Race, Gender, and Unemployment Scarring
David S. Pedulla, University of Texas at Austin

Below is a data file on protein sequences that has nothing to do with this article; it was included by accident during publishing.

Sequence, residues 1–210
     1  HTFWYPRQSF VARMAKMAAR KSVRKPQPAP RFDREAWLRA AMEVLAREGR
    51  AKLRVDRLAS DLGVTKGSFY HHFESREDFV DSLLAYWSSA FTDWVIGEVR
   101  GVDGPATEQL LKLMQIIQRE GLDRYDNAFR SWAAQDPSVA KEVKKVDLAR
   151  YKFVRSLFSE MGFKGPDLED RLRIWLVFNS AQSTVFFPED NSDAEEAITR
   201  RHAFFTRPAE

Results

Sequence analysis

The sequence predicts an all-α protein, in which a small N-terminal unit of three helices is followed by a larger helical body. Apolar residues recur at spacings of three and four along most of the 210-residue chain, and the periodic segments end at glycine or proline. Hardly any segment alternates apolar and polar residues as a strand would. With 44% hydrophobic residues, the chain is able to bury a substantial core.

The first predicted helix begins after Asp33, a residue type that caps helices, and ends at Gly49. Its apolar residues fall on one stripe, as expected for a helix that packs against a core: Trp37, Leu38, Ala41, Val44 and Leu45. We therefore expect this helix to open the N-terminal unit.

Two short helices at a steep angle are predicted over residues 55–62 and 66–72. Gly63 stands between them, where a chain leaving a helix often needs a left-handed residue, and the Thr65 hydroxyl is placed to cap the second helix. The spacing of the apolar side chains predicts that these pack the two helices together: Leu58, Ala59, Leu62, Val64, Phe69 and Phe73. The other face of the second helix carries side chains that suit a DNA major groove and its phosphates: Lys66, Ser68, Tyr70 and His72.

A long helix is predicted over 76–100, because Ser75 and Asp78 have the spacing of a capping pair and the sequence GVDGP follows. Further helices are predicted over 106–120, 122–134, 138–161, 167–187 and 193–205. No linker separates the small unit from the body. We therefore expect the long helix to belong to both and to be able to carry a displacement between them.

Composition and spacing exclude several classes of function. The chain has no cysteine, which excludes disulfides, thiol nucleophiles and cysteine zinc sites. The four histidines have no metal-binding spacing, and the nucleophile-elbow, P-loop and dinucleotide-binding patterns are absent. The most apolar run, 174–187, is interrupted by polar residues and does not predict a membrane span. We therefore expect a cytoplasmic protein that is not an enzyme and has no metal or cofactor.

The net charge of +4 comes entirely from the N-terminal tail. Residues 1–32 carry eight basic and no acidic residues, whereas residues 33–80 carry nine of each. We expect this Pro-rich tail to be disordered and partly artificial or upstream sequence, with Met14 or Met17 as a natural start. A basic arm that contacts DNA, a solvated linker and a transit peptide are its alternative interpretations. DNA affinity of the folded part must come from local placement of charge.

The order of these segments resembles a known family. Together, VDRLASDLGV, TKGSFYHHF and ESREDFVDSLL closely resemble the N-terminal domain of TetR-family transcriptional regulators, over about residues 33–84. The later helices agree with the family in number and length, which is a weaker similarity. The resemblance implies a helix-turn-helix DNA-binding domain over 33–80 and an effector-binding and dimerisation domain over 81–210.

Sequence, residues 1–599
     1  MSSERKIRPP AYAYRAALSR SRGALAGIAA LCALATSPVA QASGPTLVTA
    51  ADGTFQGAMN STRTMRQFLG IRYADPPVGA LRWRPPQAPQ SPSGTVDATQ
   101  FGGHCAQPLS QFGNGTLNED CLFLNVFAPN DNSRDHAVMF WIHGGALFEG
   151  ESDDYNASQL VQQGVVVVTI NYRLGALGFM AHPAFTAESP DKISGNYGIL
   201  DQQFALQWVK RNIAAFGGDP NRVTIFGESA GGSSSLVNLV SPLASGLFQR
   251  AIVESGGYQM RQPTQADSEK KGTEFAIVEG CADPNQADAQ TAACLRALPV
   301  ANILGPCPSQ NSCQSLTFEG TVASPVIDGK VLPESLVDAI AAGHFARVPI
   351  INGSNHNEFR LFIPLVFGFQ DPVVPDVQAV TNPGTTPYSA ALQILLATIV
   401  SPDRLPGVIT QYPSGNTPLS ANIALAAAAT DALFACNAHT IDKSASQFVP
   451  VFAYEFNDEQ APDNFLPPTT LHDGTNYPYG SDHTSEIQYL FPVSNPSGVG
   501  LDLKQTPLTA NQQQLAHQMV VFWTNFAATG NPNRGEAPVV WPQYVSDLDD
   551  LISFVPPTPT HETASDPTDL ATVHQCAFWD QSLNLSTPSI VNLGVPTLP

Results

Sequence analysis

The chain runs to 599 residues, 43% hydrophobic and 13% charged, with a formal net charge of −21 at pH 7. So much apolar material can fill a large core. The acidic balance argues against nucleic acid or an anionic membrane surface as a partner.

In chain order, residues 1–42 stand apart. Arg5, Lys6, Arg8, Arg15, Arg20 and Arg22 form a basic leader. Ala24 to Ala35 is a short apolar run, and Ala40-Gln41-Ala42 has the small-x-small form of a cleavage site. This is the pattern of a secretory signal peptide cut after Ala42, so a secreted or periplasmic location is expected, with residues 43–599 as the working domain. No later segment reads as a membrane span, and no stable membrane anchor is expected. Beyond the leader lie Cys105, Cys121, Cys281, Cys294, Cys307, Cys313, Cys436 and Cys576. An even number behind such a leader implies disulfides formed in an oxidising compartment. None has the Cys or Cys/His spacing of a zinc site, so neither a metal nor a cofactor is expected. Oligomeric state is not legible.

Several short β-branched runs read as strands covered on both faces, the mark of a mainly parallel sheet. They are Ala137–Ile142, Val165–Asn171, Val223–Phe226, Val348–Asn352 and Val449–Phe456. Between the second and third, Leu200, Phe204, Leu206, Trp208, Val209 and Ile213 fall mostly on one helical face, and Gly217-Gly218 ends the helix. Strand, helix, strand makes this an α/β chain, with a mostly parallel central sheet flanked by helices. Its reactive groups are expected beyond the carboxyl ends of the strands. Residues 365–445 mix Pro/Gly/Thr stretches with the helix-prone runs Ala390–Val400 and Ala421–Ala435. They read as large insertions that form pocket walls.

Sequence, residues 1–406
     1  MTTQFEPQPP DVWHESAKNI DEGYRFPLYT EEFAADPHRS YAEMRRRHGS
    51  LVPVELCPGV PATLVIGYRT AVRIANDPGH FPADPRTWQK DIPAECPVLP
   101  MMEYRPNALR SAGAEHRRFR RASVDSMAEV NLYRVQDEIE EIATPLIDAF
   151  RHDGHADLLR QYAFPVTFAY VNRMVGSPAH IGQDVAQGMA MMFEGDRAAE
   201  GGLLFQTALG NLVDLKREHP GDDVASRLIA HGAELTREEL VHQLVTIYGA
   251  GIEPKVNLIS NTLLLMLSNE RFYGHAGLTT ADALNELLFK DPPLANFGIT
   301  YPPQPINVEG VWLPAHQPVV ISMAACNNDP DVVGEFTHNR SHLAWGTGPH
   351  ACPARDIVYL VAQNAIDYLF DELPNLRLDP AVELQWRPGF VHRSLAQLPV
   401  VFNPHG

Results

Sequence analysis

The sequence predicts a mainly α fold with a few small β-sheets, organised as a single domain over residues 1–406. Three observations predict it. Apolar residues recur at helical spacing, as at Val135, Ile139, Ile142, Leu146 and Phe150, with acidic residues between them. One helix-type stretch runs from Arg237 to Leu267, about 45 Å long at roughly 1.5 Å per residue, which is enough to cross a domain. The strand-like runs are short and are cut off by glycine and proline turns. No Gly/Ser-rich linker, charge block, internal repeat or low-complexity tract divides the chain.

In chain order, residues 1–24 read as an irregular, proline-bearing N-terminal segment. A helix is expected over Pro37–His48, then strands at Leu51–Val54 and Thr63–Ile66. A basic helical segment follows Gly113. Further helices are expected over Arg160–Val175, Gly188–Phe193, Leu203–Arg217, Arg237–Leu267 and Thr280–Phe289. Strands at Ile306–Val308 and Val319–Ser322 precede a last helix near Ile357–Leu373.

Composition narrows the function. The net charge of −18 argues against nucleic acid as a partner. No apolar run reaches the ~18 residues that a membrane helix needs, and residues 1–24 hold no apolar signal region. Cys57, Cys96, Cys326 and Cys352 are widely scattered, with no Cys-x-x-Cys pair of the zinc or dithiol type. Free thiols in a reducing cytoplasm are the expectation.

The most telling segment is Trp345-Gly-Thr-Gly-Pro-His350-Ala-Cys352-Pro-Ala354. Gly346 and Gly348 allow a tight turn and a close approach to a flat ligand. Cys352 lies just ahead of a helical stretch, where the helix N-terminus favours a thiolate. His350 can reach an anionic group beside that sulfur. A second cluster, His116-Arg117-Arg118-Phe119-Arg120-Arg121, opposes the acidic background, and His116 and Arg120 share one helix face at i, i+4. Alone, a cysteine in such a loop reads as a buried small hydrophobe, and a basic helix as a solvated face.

Recent scholarship has documented the persistence of severe racial discrimination in hiring as well as the negative effects of long-term unemployment for workers’ ability to obtain employment in the future. Little is known, however, about how the scarring effects of unemployment intersect with racial discrimination at the hiring interface. Drawing on data from an experimental audit study, this paper explores how race and unemployment intersect to affect workers' future labor market opportunities. Consistent with previous research, the empirical results demonstrate that white workers face severe penalties for long-term unemployment at the hiring interface. However, while black workers face severe racial discrimination, they do not bear any additional penalty for having a history of unemployment. Racial variation by the gender of the worker is also examined. These findings have important implications for understanding the production of labor market inequality.